(AP) – A White former police officer has been indicted on a murder charge in the April shooting death of Jordan Edwards, a Black teenager who was a passenger in a car that was leaving a party in Balch Springs, prosecutors said Monday.
The grand jury’s indictment of Roy Oliver also charges him with four counts of aggravated assault with a deadly weapon by a public official related to the other four teens who were in the car with 15-year-old Edwards, according to Dallas County District Attorney Faith Johnson.
Oliver, 37, was fired from the Balch Springs Police Department in May for violating department policies. Body camera footage of the incident showed Oliver shooting his rifle into a car that was moving away from him and another officer.
Edwards, his two brothers and two other teens were leaving the party where police had arrived to investigate an underage drinking complaint. Officers heard unrelated gunshots and spotted the vehicle leaving.
Shots from Oliver’s rifle pierced the front passenger window, hitting Edwards in the head as he sat in the front seat.
An attorney for the teen’s family, Lee Merritt, said Oliver getting indicted is “one step on the road to justice.”
“We’re looking forward to a conviction and proper sentencing,” the lawyer said. He added that anything less than serious jail time wouldn’t be adequate.
Johnson promised during a news conference to thoroughly prosecute the case. With Edwards’ parents at her side, the district attorney touted the speed with which Oliver was charged and arrested.
“This is the very first time we have issued an arrest warrant for a police officer before the case was presented to the grand jury,” she said. “As we move forward, my office continues to be committed to seeking justice for Jordan and his family.”
Charmaine Edwards said the world lost “so much” with the death of her stepson, who was a high school freshman at the time.
“A great kid, a great football player, straight-A student … somebody who was going to go somewhere,” she said.
Oliver’s attorney, Jim Lane, did not immediately return a phone message seeking comment Monday.
“Today’s indictment of Roy Oliver in the murder of Jordan Edwards is long overdue,” said Brianna Brown, deputy director of the Texas Organizing Project, in a statement to the media. “It was completely inexcusable for Oliver to shoot his rifle into a moving vehicle that was traveling away from him and another officer. We need a shift in how law enforcement agencies across the country train and hold their officers accountable.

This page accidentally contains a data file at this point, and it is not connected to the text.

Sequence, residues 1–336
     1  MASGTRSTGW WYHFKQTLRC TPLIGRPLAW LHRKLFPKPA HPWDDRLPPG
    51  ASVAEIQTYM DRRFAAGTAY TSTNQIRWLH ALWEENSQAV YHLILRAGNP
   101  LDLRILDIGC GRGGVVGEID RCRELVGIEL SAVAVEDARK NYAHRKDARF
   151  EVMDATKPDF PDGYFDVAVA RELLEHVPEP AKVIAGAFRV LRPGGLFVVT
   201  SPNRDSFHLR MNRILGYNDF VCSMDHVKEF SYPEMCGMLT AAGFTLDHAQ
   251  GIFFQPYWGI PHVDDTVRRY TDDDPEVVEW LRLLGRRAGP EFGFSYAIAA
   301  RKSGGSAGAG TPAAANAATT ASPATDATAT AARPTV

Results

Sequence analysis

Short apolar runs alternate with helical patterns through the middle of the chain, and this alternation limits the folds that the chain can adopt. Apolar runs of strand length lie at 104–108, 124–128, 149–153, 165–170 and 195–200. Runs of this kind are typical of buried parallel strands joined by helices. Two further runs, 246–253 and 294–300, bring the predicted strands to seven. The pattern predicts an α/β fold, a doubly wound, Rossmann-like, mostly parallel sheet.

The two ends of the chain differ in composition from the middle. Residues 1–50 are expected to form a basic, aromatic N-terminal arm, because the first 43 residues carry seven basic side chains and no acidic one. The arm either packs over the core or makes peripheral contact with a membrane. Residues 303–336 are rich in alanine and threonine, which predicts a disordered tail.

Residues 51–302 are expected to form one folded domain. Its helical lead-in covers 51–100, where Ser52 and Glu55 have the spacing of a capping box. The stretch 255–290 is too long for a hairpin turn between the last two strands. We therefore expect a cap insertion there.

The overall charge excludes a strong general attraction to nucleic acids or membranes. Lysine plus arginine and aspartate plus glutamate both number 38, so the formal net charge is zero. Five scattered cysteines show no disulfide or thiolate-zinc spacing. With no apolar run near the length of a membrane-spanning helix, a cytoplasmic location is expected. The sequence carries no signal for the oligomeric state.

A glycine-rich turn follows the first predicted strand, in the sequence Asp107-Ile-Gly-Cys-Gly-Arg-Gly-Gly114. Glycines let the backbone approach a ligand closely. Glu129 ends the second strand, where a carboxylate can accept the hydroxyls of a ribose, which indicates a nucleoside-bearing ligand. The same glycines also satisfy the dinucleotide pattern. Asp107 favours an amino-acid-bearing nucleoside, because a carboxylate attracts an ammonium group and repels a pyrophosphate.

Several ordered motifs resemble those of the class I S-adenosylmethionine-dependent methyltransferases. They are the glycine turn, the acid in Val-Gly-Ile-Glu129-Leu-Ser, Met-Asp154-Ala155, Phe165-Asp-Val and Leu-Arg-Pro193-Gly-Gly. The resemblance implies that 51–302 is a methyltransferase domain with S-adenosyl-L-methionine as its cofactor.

“The issuing of this indictment further serves as a reminder that racially-motivated police violence has no place in Dallas County. On a daily basis, Black and Brown residents throughout Dallas County face verbal and physical abuse, and potentially lethal violence, at the hands of officers who have not been trained to deal with their implicit biases against people of color, especially Black men.
On behalf of TOP, Brown demanded that Johnson use an independent prosecutor to investigate the case, aggressively prosecute Oliver, and then have the U.S. Department of Justice investigate discriminatory policing in Balch Springs.
The Dallas County Sheriff’s Department charged Oliver with murder in May, less than a week after the shooting in Balch Springs, a suburb about 15 miles east of Downtown Dallas. Oliver, who had been with the department for nearly six years, turned himself in and posted bond.
Last month, Oliver was indicted on two counts of aggravated assault with a deadly weapon by a public servant in an unrelated incident, where he is accused of displaying a gun during a traffic accident. Oliver was off duty in Dallas when another vehicle rear-ended his and, according to a police report, he pulled his service weapon and kept it pointed at the ground.
A Dallas officer who responded to the incident, which happened two weeks before Oliver shot Edwards, didn’t file charges. Prosecutors later sought charges, though, saying the Dallas incident “showed a pattern of behavior.”
Attorney Jasmine Crockett, who also represents the Edwards family, said facing charges in two separate incidents will be “too much to overcome” for Oliver.
“There’s no question now in my mind of whether or not he is going to get locked up,” Crockett said.
She said it also was significant that the indictment included aggravated assault charges related to the other teens in the car. She said officers don’t often get charged for endangering others during an incident.
Oliver’s is the second indictment of a police officer for a fatal shooting in Dallas County in less than a month after almost 43 years without an indictment of an officer. Former Dallas officer Christopher Hess was indicted on an aggravated assault charge for shooting into a moving car more than a dozen times in January, striking and killing 21-year-old Genevive Dawes.
Robyn H. Jimenez/The Dallas Examiner contributed to this report.
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